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Dead Guy: Charles Singleton

The victim, Mary Lou York, was murdered in York’s Grocery Store at Hamburg on June 1, 1979. She died from loss of blood as a result of two stab wounds in her neck. Patti Franklin saw her relative Charles Singleton enter York’s Grocery at approximately 7:30 p.m. on the day of the crime. Shortly after he entered Patti heard Mrs. York scream, “Patti go get help, Charles Singleton is killing me.” Patti then ran for help. Another witness, Lenora Howard, observed Singleton exit the store and shortly thereafter witnessed Mary Lou, who was “crying and had blood on her,” come to the front door. 19 year old York, the owner of the store, identified Singleton to responding police officers and doctor shortly before her death.

Ashley County Ledger

"York Murderer Dies by Injection; 7th Execution Date is Final for Singleton," By Warren Watkins.

A full moon illuminated the ice-cold prison courtyard as volunteer executioners administered final earthly justice for Charles Singleton, 44, also known as Victor Ra Hakim. Singleton was executed by lethal injection at 8:02 p.m. at the Cummins unit of the Arkansas Department of Corrections Tues., Jan. 6, 24 years after being convicted and sentenced to death by an Ashley County court for the 1979 murder of Mary Lou York in Hamburg.

Singleton's mental health had been an issue over the years, causing some to object to the state putting a arguably insane man to death. A CNN reporter interviewed Singleton a week before his execution and found him to be expectedly paranoid, ranting, and raving. However, the journalist found the murderer easily able to understand that he was about to be put to death for the murder he committed, and thus by the legal standard, sane.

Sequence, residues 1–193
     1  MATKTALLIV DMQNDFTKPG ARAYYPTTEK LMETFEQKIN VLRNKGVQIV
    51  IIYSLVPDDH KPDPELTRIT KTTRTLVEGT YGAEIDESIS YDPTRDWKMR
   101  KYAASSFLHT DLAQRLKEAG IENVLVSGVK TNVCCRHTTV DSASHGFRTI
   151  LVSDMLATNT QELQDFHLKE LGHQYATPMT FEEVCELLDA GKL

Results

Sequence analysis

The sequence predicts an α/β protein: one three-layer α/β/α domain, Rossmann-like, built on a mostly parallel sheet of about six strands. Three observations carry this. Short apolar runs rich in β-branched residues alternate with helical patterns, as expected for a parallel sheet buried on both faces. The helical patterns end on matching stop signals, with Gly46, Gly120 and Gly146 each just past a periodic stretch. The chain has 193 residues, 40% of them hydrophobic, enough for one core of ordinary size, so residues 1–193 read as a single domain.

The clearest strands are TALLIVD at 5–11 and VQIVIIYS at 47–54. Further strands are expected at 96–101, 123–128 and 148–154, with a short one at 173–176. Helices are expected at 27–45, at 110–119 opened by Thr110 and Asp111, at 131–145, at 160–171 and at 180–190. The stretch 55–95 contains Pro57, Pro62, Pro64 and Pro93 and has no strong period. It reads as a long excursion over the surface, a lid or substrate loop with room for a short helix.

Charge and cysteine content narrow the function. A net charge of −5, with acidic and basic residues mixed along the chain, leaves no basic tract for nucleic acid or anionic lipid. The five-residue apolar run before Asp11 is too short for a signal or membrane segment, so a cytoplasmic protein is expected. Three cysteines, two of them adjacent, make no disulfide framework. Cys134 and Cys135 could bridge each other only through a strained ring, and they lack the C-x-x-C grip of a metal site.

Eighteen witnesses crowded into a tiny observation room for the efficient, clinical event, which took only four minutes. After opening drapes behind heavy glass windows on one side of the room, a warden announced the execution was about to take place and asked Singleton if he had any last words.

Singleton said he had planned to say something, but had written his words down and given them to the warden instead. Afterward, a copy of the letter, which was indecipherable spiritual gibberish, was given to the media.

With his head shaved and head held in a heavy leather strap, Singleton appeared to be ready for surgery. A man in civilian clothes, wearing a headset and speaking into its microphone, stood at the prisoner's head and watched a monitor.

As the intravenous drip began, Singleton released a sudden breath, his chest moved up and down twice, and he quietly stopped breathing. His thumb and middle finger on his right hand were lightly touching, as if he were meditating for peaceful focus, and never released.

Singleton was unbuckled, examined with a stethoscope, and pronounced dead by the Lincoln County coroner at 8:06 p.m.

In the warden's office at the prison, York's son, daughter, nephew, and two granddaughters watched the events on closed-circuit television, but did not appear for the press afterwards. Families of perpetrators, if they show up for the execution, are held at a roadblock a mile from the prison's entrance.

This was the seventh execution date for Singleton. In 1980 he came with 7 days of execution, in 1982 he came within 18 days once and within 3 days on another occasion, within 11 days in 1993, two days in 1998, and six days in 2001. He spent just over 23 years on death row.

Inmates on death row in Arkansas total 39, with 16 white, 22 black, and one Hispanic, all males. Arkansas has executed 194 persons in it history: 134 black males, 57 white males, two Indian males, and one white female. While 173 of those were murderers, 20 were rapists and one was both.

Jeffrey Rosenzweig, Singleton's attorney, said he was "frustrated, disappointed, and saddened" by the execution. His client was "rational, sane, and at peace," he said.

Karl Roberts, convicted of the kidnapping-murder of his 12-year-old niece, was scheduled to be executed after Singleton. But he won a last-minute stay of execution pending an appeal.


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Thanks for posting my article on the death of Charles Singleton. I'm writing a more reflective piece now, a year later. Would you be interested in seeing it?

Warren Watkins